Senate GOP: No hearings for Supreme Court nominee

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WASHINGTON, D.C. — Emerging from a meeting in Senate Majority Leader Mitch McConnell’s office Tuesday, top Republican senators on the Senate Judiciary Committee said there will be no confirmation hearings on a Supreme Court nominee.

South Carolina Sen. Lindsey Graham said that’s the “consensus” view among Republicans on the committee and Senate Majority Whip John Cornyn, of Texas, said the same.

“We believe the American people need to decide who is going to make this appointment rather than a lame-duck president,” Cornyn said Tuesday as he left the meeting of top Republicans discussing how to handle the White House’s promised nominee.

Graham told CNN separately he would not even meet with any nominee, should he or she make courtesy calls on the Hill.

This comes after McConnell issued his most definitive statement on Tuesday: There will be no Supreme Court nominee confirmed in President Barack Obama’s final year in office.

In a sharply worded statement on the Senate floor, McConnell bluntly warned the White House that the GOP-controlled Senate would not act on anyone he chooses to sit on the high court.

“Presidents have a right to nominate just as the Senate has its constitutional right to provide or withhold consent,” McConnell said. “In this case, the Senate will withhold it.”

The announcement prompted sharp criticism from Democrats, who contended that the GOP-led Senate was failing to do its job and would be risking its tenuous hold on the majority in the fall elections.

Senate Minority Leader Harry Reid said McConnell was taking his marching orders from Republican presidential front-runner Donald Trump, who had called on the Senate to delay consideration of any nominee.

“That’s exactly what the Republican leader is doing: Delay, delay, delay,” Reid said. He angrily added that “333 days isn’t enough to do the work that we do ordinarily do in 67 days.”

But Democrats are uncertain over whether to bottle-up the Senate in retaliation for the GOP’s hardball move. And for the second day in a row, Vice President Joe Biden is center stage as Senate Republican leaders are growing increasingly confident they can unite their party behind a hard-ball strategy to block any consideration of an Obama nominee.

Republicans are seizing on old Democratic talking points — focused namely on then-Sen. Joe Biden — to make their case against confirmation proceedings.

The latest revelation: A June 1992 interview Biden gave to The Washington Post, arguing against confirmation hearings of a prospective nominee by President George H.W. Bush to the nation’s highest court.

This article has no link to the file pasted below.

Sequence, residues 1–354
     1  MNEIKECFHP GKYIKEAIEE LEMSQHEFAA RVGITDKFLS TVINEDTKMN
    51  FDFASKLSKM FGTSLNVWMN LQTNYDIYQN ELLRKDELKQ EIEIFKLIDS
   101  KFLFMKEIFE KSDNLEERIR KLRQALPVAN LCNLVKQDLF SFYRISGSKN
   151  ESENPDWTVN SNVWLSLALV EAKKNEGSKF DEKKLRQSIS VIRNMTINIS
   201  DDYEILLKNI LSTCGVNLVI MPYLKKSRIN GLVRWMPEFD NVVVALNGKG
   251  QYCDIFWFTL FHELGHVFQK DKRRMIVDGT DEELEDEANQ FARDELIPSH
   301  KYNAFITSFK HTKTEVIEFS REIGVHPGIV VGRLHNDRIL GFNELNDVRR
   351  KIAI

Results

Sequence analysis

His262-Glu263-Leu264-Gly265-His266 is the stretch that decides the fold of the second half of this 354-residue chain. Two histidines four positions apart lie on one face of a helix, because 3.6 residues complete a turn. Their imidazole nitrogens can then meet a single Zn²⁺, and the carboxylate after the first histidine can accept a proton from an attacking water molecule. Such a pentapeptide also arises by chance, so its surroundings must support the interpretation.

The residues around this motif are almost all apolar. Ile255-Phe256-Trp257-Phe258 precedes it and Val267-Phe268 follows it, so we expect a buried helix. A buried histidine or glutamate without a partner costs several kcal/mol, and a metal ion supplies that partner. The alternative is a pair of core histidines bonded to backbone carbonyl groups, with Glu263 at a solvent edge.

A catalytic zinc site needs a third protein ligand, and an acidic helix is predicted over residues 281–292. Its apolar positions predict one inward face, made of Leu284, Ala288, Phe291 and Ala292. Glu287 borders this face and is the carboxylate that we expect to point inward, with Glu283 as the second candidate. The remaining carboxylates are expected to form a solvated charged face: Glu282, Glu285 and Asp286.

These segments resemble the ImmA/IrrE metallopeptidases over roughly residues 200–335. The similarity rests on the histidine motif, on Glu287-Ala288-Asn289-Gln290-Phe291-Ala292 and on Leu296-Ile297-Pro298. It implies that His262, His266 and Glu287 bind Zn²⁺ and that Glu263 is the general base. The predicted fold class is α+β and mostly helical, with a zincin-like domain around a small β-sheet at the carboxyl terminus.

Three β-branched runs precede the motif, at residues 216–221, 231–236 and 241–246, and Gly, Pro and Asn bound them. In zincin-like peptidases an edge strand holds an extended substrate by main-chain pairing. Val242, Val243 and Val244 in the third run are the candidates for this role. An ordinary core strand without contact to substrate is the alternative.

“If someone steps down, I would highly recommend the President not name someone, not send a name up,” Biden, then the Senate Judiciary Committee chairman, told the newspaper, noting how close it was to the November elections.

“If (Bush) did send someone up, I would ask the Senate to seriously consider not having a hearing on that nominee,” Biden had said.

The comments from the nearly 24-year-old interview came after Republicans seized on a clip Monday of Biden making similar comments on the Senate floor. In response, Biden pushed back and said the GOP was taking his comments out of context.

“In the same statement critics are pointing to today, I urged the Senate and White House to work together to overcome partisan differences to ensure the court functions as the Founding Fathers intended,” Biden said in a Monday statement. “That remains my position today.”

Nevertheless, the comments gave new ammunition to the hardening GOP lines against anyone the President sends to Capitol Hill.

Republicans are worried that giving the new nominee an opportunity to present his or her case before a national audience will only give the White House momentum in confirming a nominee to replace the late Antonin Scalia, tipping the balance of the court. But it could present bad optics, especially if the nominee is viewed as highly qualified and Republicans refuse to meet with him or her.

Emerging from a leadership meeting Monday evening, Texas Sen. John Cornyn, the No. 2 Republican and member of the Judiciary Committee, flatly said “no” when asked if the Senate should convene hearings, saying voters in November should render the judgment.

McConnell said on the floor Monday night that he and Senate Judiciary Chairman Chuck Grassley were unified against Obama sending anyone up. Sen. Jeff Flake of Arizona, a swing GOP vote and member of the Senate Judiciary Committee, came out Monday against confirming anyone this year.

And some vulnerable Republicans were prepared to side with their party’s leadership as well, a heartening development for the Senate GOP.

“I think we should not confirm someone this year, I think we should let the people weigh in,” said Sen. Rob Portman, a vulnerable Republican up for reelection from the battleground state of Ohio. “The credibility of the court will be enhanced by that, too.”

The Senate Republican members of the committee plan to huddle Tuesday morning in McConnell’s office before a lunch with the full GOP Conference, where party leaders expect the party to be mostly unified.

But at the same time, two moderate Republicans — Sens. Mark Kirk of Illinois and Susan Collins of Maine — support holding hearings, giving Democrats confidence divisions are bound to grow in the GOP ranks once a nominee is proposed.

“We should take this process one step at a time as we always do under the regular order,” Collins told CNN. “I would expect that there would be a hearing on a nominee when it’s sent to us for our consideration… The hearing would help me make a better decision.”

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